Fumio Niwa

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Fumio Niwa in 1954

Fumio Niwa (丹羽 文雄 Niwa Fumio?, born on November 22, 1904 in Mie Prefecture, Japan, died April 20, 2005 in Musashino, Tokyo) was a Japanese novelist with a long list of works, the most famous in the West being his novel The Buddha Tree (Japanese Bodaiju, 1956).[1][2]

Career[edit]

The eldest son of a priest in the Pure Land sect of Buddhism, Niwa grew up at Sogenji, a temple in Yokkaichi near Nagoya. After his graduation from Waseda University, he reluctantly entered the hereditary priesthood at Sogenji but quit two years later, at the age of 29, in order to become a writer, walking out of the temple grounds on 10 April 1932 and heading back to Tokyo. He was supported by his girlfriend until his marriage in 1935. During this time he published Sweetfish (Japanese Ayu), serialised in Bungei Shinju, and the novel Superfluous Flesh (Japanese Zeiniku).

Niwa's work was controversial and during World War II a couple of his novels were banned for immorality; he worked as a war correspondent in China and New Guinea; he accompanied Rear Admiral Gunichi Mikawa's Eighth Fleet and was on board the flagship Chōkai during the Battle of Savo Island on 9 August 1942. He was wounded at Tulagi. These experiences inspired Naval Engagement (Japanese Kaisen)[3] and Lost Company (Kaeranu Chutai), both censored.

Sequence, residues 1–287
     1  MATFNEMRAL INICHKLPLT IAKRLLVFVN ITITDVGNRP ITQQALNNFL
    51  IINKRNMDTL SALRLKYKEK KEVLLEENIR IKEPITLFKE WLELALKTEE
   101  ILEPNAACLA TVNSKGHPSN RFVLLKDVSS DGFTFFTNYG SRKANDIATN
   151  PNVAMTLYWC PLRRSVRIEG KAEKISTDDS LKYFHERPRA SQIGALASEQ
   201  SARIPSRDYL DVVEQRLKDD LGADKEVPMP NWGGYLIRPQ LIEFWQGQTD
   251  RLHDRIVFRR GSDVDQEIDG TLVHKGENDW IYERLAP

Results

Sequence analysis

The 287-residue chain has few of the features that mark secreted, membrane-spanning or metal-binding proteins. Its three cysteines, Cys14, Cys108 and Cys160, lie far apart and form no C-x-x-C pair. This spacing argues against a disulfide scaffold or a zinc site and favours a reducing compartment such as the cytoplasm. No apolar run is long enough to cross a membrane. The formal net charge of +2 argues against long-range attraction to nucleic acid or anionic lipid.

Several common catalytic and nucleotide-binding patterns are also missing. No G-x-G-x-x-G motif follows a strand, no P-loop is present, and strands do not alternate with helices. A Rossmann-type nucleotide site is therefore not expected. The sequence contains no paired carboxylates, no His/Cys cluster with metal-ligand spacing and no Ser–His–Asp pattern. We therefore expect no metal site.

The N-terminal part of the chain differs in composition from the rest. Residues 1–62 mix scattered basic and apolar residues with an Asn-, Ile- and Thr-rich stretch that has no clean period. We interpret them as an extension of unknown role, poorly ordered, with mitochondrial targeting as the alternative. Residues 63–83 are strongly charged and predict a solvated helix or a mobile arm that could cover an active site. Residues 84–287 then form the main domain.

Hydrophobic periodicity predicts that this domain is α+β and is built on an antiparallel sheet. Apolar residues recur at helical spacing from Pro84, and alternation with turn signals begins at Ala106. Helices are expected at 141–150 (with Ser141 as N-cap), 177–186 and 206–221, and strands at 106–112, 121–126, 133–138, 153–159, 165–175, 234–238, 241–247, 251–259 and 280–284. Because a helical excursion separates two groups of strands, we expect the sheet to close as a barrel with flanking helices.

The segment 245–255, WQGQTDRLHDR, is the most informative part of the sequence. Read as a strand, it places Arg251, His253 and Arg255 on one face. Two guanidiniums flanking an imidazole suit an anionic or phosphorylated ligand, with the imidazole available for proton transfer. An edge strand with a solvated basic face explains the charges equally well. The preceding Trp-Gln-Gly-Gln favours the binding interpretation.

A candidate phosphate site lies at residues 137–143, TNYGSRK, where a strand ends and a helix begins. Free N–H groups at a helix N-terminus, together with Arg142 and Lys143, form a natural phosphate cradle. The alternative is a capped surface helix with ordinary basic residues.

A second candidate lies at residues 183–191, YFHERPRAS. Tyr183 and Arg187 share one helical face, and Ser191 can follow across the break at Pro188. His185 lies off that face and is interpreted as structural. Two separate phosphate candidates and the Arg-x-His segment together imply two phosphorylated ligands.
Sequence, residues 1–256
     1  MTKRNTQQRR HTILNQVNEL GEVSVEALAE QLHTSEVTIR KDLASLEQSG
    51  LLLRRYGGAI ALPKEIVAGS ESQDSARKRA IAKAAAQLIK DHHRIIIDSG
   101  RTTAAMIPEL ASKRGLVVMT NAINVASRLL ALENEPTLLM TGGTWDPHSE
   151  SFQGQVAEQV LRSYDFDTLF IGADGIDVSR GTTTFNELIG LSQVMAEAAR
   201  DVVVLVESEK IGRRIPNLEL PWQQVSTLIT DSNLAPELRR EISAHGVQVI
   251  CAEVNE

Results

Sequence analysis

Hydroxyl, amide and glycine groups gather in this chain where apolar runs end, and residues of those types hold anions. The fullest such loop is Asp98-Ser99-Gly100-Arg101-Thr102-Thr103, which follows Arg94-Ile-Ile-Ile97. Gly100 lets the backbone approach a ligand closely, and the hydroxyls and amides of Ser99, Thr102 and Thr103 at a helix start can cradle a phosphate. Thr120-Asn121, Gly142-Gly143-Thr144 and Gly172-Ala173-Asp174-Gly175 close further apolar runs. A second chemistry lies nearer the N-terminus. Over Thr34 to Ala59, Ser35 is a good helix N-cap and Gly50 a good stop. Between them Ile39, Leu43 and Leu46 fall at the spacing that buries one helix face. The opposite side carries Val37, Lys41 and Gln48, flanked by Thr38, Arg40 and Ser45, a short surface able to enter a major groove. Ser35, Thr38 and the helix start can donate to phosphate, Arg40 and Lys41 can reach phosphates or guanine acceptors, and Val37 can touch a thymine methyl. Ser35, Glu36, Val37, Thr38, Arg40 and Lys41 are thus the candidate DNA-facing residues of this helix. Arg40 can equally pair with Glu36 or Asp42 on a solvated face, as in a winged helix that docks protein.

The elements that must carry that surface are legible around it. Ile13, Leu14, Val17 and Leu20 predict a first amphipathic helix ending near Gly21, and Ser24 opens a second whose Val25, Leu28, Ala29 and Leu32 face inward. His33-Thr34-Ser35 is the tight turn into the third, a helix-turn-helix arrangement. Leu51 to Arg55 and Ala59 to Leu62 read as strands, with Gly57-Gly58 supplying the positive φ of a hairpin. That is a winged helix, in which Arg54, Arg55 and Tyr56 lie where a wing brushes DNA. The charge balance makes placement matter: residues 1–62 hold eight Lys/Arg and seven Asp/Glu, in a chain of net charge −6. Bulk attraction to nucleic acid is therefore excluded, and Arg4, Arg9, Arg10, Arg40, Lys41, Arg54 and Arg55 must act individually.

After the war Niwa became the extremely prolific author of more than 80 novels, 100 volumes of short stories, and 10 volumes of essays. His most celebrated short story was The Hateful Age (Japanese Iyagarase no Nenrei, 1947), about a family terrorised by a senile grandmother, which became so famous that the phrase "the hateful age" entered the language for a time.

The novel The Buddha Tree uses his unhappy childhood at Sogenji as a backdrop. When he was eight years old his mother eloped with an actor from the Kansai Kabuki company, an event that greatly traumatised him; in this novel the story is elaborated fictionally.

Later works include, from 1969, a five-volume biography of Shinran (1173-1262), the founder of the Pure Land sect, and in 1983 an eight-volume work on Rennyo, a 15th Century monk who died on a pilgrimage to India.

In 1965 Niwa was elected a member of the Art Academy of Japan, and the following year he was elected as the chief director of the Japanese Writers' Association, a position he held for many years. Niwa encouraged fellow members to play golf, organised health insurance, and bought land for a writers' graveyard. He was awarded the Order of Culture in 1977.

He was diagnosed with Alzheimer's disease in 1986. He was married twice and had one son and one daughter, Keiko Honda, who described his decline in Days of Care (Japanese Kaigo no hibi, 1997).[4] He died of pneumonia in 2005.[5]

References[edit]

Notes[edit]

  1. ^ "Obituaries - Fumio Niwa", The Independent, 28 April 2005.
  2. ^ Fumio Niwa should not be confused with the Yokohama balloonist of the same name who died on 11 January 1991 in an attempt to fly solo across the Pacific. About the other Fumio Niwa, cf. Japan Balloon Association, p.21 (Japanese)
  3. ^ Keene, Donald, Dawn to the West: Japanese Literature of the Modern Era, Columbia University Press, p.939. ISBN 0-231-11435-4
  4. ^ Keiko Honda, "Kaigo no hibi"(介護の日々) ISBN 978-4-12-203500-3
  5. ^ "Pneumonia kills famed writer Niwa at age 100", The Japan Times, 21 April 2005

External links[edit]